• They recommend that waist circumference should be measured in clinical practice as it is a key driver of risk; for example, many patients have altered CVD risk factors because they have abdominal obesity.
  • Waist circumference is a critical factor that can be used to measure the reduction in CVD risk after the adoption of healthy behaviours.
  • Exercise and/or diet consistent with guideline recommendations are associated with substantial reductions in waist circumference, independent of age, sex or ethnicity.
  • Available evidence from RCTs suggests that exercise is associated with substantial reductions in waist circumference, independent of the quantity or intensity of exercise.
  • Exercise-induced or diet-induced reductions in waist circumference are observed with or without weight loss.
  • They recommend that practitioners routinely measure waist circumference as it provides them with a simple anthropometric measure to determine the efficacy of lifestyle-based strategies designed to reduce abdominal obesity.
  • Currently, no consensus exists on the optimal protocol for measurement of waist circumference and little scientific rationale is provided for any of the waist circumference protocols recommended by leading health authorities.
  • The waist circumference measurement protocol has no substantial influence on the association between waist circumference, all-cause mortality and CVD-related mortality, CVD and T2DM.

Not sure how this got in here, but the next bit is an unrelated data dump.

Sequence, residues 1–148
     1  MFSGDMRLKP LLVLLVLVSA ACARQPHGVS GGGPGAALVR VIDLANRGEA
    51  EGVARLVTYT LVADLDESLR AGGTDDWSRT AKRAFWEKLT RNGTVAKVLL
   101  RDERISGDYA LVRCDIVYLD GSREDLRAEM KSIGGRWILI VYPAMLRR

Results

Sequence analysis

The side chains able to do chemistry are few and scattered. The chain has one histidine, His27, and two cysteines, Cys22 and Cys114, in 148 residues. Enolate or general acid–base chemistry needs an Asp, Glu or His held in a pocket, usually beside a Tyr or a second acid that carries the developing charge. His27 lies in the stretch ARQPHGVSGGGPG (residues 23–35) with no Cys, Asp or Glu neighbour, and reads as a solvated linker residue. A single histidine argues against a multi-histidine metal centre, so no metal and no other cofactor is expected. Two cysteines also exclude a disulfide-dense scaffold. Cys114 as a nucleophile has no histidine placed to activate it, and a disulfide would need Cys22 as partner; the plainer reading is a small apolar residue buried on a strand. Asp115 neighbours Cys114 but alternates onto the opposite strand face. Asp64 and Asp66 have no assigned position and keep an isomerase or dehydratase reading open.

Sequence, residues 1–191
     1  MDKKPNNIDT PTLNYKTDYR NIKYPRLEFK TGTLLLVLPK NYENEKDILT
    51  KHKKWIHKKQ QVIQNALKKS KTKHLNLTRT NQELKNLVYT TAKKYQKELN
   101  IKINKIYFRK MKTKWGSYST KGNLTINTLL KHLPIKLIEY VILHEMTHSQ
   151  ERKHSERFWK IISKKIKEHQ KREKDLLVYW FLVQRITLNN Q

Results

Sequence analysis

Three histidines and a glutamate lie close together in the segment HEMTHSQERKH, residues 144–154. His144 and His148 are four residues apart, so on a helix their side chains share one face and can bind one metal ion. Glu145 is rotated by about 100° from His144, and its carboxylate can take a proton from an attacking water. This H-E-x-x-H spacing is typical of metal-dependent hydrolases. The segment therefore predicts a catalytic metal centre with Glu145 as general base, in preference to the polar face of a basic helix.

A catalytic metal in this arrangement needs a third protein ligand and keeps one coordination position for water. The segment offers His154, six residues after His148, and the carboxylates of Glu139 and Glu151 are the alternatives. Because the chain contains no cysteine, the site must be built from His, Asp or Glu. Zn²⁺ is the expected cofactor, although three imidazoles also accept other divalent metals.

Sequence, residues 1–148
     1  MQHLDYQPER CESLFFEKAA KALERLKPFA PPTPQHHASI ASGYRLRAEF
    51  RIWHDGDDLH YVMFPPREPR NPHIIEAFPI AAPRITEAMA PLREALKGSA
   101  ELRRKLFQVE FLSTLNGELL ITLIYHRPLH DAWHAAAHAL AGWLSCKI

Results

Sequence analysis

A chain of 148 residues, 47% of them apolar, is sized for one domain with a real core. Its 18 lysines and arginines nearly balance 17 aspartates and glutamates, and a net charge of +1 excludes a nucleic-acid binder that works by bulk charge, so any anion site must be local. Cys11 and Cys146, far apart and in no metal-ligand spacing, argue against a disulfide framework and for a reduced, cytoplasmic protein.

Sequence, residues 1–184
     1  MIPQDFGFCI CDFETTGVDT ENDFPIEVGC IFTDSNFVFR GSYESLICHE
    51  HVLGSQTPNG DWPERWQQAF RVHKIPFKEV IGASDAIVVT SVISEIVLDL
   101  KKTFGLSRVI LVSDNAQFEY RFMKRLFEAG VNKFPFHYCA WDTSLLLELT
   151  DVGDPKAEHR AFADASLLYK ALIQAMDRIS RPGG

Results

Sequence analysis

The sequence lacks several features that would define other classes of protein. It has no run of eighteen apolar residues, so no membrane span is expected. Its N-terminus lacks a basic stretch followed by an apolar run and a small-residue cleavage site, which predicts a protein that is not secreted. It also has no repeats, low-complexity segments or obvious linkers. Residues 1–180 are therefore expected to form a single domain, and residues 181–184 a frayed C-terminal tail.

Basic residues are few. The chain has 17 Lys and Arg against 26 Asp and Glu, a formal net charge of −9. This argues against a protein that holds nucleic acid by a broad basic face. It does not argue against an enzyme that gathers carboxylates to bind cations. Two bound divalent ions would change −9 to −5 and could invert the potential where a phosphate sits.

• Absolute differences in waist circumference obtained by the two most often used protocols, iliac crest (NIH) and midpoint between the last rib and iliac crest (WHO), are generally small for adult men but are much larger for women.
  • The classification of abdominal obesity might differ depending on the waist circumference protocol.
  • They recommend that waist circumference measurements are obtained at the level of the iliac crest or the midpoint between the last rib and iliac crest. The protocol selected to measure waist circumference should be used consistently.
  • Self-measures of waist circumference can be obtained in a straightforward manner and are in good agreement with technician-measured values.
  • From the evidence available, they question the rationale behind current guidelines recommending that a single waist circumference threshold for white adults (men >102 cm; women >88 cm) be used to denote a high waist circumference, regardless of BMI category.

Finally, they recommend that prospective studies using representative populations are carried out to address the need for BMI category-specific waist circumference thresholds across different ethnicities. This recommendation does not, however, diminish the importance of measuring waist circumference to follow changes over time and, hence, the utility of strategies designed to reduce abdominal obesity and associated health risk.

“The main recommendation of this Consensus Statement is that waist circumference should be routinely measured in clinical practice, as it can provide additional information for guiding patient management…On the basis of these observations, not including waist circumference measurement in routine clinical practice fails to provide an optimal approach for stratifying patients according to risk,” the authors conclude. “..Numerous epidemiological studies and RCTs have now demonstrated that reductions in waist circumference can be achieved by routine, moderate-intensity exercise and/or diet changes…Health professionals should be trained to properly perform this simple measurement and should consider it as an important vital sign to assess and identify, as an important treatment target in clinical practice.”

To access this paper, please click here

Want more stories like this? Subscribe to Bariatric News!

Bariatric News
Keep up to date! Get the latest news in your inbox. NOTE: Bariatric News WILL NOT pass on your details to 3rd parties. However, you may receive ‘marketing emails’ sent by us on behalf of 3rd parties.